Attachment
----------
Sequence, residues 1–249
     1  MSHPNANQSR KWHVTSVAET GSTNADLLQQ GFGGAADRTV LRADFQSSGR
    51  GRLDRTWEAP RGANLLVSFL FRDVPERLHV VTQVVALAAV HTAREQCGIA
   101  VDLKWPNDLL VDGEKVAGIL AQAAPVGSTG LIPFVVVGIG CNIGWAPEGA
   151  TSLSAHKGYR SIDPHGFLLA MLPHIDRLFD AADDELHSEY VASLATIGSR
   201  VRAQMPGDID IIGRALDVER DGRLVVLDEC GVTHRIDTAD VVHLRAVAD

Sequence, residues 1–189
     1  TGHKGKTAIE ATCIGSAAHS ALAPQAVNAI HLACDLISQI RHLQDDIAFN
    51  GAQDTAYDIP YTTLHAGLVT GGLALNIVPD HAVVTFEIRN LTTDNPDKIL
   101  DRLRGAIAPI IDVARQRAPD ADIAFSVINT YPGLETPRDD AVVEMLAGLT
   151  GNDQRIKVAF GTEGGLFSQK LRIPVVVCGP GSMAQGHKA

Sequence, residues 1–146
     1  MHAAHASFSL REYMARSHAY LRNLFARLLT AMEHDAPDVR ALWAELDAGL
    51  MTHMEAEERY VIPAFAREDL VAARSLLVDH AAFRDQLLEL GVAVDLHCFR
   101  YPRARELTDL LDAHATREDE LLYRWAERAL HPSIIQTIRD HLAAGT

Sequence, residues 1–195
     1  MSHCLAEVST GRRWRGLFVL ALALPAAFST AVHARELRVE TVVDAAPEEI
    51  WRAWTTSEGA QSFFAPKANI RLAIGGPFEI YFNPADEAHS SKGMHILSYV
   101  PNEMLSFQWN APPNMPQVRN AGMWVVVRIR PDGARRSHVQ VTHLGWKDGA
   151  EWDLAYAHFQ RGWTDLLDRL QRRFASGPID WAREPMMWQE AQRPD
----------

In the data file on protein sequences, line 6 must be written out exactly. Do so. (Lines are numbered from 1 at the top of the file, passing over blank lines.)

   201  VRAQMPGDID IIGRALDVER DGRLVVLDEC GVTHRIDTAD VVHLRAVAD